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Grahamites
Grahamites
Articles (223) 

Similarities Between Railroads and Airlines Part I

An analysis of the changes in the railroad industry

“We said railroads were no damn good. There were too many of them. They had truck competition. And we were right; it was a terrible business for about 80 years. Finally they get down to four big railroads, and it was a better business. Something similar is happening in the airline business.”  Charlie Munger (Trades, Portfolio) at the 2017 Daily Journal Meeting

In order for us to gain a better understanding of Berkshire’s (NYSE:BRK.A)(NYSE:BRK.B) purchase of the airlines, it is imperative to study the history of the railroads first. There’s a good number of free internet articles and reports out there about the operating history of the railroad industry, and I encourage the readers to read as much as they can.

For this discussion, suffice it to say there are three distinctive stages of the railroad industry:

  1. Before the passage of the Staggers Act of 1980. For 75 years before the Staggers Act, the railroads were heavily regulated with no freedom to adjust their prices in response to market conditions.
  2. Between the passage of the Staggers Act of 1980 and the early 2000s.
  3. After the 2000s.

This wonderful chart tells the story:

As we can tell from the above chart, the Staggers Act of 1980 unleashed the productivity and volume growth of the railroad industry. However, at the same time, rates decreased dramatically. The net result of rising productivity, volume and declining rate was an almost 20-year decline in revenues for the railroad industry as a whole.

There are two reasons why rates had been declining for almost two decades:

  • Technological developments in the railroad industry have dramatically improved efficiency, which brought down operating costs, enabling the industry to maintain profitability with lower rates.
  • Competition between the railroads and the truck industry, as well as competition among the railroad industry, was intense. Most of the services provided by the industry were commodity-type services with low levels of differentiation.

Two technological advancements in the industry were particularly exciting – double-stack containers and roadrailers.

Double-stacking basically allows two intermodal containers to rest one atop the other, doubling the capacity of a flatcar.

According to Wikipedia, a roadrailer is basically a highway trailer that is specially equipped for use in railroad intermodal service. The advantage of roadrailers is their ability to be used directly behind other freight (or even passenger) equipment without trailer flatcars. The positive attributes of the RoadRailer were its exceptionally smooth ride, light weight and low capital costs to set up a rail yard. Since no flatcars were involved, no crane systems were needed to transfer the trailers between modes.

These technological developments certainly made the railroads more competitive compared to the truck industry. Freight railroads also cut costs by streamlining their workforces: rightsizing their rail track miles, equipment and facilities to more closely match demand.

The productivity gains, however, did not give the railroad industry pricing power because the industry was still relatively fragmented. As we have seen many times in other industries, consolidation usually either alleviates pricing pressure or empowers the industry participants with pricing power. Since 1980, the merger wave continued for almost 20 years.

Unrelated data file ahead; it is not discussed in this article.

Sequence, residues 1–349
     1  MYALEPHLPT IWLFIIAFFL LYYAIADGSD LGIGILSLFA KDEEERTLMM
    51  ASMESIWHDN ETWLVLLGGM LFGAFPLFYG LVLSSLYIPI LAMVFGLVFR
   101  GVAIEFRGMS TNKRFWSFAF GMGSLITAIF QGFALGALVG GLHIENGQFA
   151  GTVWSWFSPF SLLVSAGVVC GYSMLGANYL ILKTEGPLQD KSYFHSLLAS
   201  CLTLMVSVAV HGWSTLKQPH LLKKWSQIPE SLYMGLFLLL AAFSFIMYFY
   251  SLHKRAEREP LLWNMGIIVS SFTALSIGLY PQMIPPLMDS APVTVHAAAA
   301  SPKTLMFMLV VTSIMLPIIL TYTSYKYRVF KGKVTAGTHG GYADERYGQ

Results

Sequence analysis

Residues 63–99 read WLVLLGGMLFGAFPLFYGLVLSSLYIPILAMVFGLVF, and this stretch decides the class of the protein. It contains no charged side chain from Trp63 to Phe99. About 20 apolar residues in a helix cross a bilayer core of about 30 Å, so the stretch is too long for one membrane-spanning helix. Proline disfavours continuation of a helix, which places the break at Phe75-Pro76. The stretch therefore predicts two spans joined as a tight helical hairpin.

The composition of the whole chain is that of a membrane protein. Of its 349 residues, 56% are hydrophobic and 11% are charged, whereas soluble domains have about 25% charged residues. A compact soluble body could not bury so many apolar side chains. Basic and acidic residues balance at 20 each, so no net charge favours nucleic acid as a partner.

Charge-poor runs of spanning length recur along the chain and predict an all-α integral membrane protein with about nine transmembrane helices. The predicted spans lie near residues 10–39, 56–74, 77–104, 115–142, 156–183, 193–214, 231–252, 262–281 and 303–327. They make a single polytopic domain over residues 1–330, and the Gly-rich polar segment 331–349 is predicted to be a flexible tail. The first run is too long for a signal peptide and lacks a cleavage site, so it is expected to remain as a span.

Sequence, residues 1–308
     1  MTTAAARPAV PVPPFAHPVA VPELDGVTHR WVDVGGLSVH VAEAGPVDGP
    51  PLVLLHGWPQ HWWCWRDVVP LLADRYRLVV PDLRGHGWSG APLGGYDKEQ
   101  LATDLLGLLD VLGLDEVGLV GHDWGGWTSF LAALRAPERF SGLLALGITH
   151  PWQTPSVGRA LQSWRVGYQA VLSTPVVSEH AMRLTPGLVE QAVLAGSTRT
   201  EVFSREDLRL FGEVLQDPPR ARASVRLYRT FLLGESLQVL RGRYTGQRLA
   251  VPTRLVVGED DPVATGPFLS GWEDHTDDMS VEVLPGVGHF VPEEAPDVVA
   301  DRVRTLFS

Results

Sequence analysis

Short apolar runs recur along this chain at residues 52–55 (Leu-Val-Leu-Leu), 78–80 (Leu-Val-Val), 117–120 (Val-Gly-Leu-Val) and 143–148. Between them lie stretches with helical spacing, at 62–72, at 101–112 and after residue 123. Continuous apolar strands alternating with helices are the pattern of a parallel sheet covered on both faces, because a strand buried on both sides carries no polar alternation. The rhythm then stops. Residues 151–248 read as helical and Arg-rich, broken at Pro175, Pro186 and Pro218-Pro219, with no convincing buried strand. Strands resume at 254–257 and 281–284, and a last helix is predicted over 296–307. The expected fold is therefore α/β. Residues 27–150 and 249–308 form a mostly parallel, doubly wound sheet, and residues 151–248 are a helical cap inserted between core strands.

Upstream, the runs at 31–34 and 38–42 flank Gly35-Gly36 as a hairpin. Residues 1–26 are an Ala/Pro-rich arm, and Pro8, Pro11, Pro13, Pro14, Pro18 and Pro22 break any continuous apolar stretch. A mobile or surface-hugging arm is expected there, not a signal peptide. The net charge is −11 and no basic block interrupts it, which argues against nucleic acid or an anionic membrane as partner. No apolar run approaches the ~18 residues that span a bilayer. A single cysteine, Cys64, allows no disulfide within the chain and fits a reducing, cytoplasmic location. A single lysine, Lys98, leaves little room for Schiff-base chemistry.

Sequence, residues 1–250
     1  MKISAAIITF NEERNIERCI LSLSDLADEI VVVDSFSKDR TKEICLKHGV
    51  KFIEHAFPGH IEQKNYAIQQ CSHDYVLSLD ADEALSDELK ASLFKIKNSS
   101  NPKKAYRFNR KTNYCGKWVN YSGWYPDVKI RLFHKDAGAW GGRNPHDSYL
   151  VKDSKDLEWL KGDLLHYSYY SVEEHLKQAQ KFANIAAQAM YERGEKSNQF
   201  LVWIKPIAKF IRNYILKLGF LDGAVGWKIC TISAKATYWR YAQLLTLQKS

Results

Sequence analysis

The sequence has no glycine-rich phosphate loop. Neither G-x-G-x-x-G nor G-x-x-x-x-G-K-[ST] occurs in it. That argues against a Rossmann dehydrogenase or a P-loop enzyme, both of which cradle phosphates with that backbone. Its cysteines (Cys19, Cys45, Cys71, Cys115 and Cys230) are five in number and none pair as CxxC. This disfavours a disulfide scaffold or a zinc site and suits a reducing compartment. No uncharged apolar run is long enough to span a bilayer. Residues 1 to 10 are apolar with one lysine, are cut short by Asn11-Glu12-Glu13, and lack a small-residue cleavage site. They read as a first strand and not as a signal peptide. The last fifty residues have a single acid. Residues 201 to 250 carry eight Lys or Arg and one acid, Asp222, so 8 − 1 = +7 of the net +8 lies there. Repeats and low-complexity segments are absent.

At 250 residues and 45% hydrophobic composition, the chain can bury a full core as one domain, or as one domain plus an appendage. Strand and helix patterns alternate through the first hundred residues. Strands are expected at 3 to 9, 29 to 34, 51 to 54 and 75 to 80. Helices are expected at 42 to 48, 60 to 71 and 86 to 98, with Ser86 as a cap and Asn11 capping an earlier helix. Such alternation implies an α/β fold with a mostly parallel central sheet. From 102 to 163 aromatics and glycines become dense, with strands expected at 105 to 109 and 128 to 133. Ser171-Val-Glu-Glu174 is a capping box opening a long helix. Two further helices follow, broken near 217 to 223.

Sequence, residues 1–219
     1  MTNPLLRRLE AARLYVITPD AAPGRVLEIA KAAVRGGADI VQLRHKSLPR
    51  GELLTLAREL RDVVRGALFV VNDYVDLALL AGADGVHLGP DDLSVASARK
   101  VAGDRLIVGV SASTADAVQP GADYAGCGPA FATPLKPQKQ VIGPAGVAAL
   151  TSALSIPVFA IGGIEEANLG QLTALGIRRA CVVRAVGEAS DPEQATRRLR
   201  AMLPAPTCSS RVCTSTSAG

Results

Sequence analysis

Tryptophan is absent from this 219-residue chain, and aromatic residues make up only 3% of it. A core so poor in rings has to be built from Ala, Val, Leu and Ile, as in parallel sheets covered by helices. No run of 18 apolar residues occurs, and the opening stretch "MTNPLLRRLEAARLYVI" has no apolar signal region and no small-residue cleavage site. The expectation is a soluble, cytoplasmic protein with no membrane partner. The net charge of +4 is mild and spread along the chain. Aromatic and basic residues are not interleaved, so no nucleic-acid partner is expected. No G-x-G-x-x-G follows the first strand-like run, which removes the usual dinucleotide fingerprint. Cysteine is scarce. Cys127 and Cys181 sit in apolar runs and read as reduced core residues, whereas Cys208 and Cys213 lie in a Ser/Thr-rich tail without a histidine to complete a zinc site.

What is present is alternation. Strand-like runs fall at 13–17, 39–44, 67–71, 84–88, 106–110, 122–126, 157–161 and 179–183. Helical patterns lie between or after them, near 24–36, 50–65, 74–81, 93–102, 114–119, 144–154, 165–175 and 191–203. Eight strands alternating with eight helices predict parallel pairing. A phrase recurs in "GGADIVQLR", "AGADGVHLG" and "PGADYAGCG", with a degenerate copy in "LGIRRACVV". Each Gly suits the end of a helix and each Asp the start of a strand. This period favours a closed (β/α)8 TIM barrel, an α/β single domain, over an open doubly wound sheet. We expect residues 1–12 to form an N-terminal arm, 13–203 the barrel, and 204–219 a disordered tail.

• 1980: Chessie System and Seaboard Coast Line Industries merged to form CSX Corp. (NASDAQ:CSX).
  • 1980: Burlington Northern acquired Frisco.
  • 1981: Union Pacific (NYSE:UNP) merged with Missouri Pacific and Western Pacific.
  • 1982: Southern and Norfolk & Western merged to create Norfolk Southern (NYSE:NSC).
  • 1988: Rio Grande merged with Southern Pacific to form Southern Pacific Lines.
  • 1988: The Missouri-Kansas-Texas line became part of Union Pacific.
  • 1991: Canadian Pacific (NYSE:CP) acquired Delaware & Hudson.
  • 1995: Burlington and Santa Fe merged.
  • 1995: Union Pacific acquired Chicago & North Western. Union Pacific later merged with Southern Pacific.

As a result of the consolidation, in North America, the number of Class 1 railroads was reduced from 40 in 1980 to merely seven by the early 2000s. In the U.S, the largest four Class 1 railroads controlled 89% of the revenue and 80% of tonnage of the railroads market in 2004, compared to below 50% in 1985. Moreover, the remaining railroad companies practically operate as monopolies or duopolies in most of the markets in which they provide services. Pricing power emerged as a consequence of 20 years of industry consolidation and territory grabbing.

With rising productivity, rising demand and improving pricing power, the railroads have become a decent business. This chart shows the extraordinary margin expansion of CSX, Norfolk Southern and Union Pacific.

Along with better margins comes better fundamentals. And better fundamentals lead to better stock prices:

Is this the fate for the airline industry? We’ll explore.

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Rating: 4.8/5 (9 votes)

Voters:

Comments

New Moon
New Moon premium member - 4 months ago

I made a mistake and meant to give it a 5 star. Really sorry. But I have been thinking about doing this analysis all along. Thanks for the article.

Grahamites
Grahamites premium member - 4 months ago

New Moon - No worries. Thanks for the comment and would love to read your analysis.

sac9377
Sac9377 - 4 months ago    Report SPAM

PLS add FB share button ..so as to save valuable article

Seattle Ethan
Seattle Ethan - 4 months ago    Report SPAM

great article. Was the margin expansion chart supplanted by stock price performance chart?

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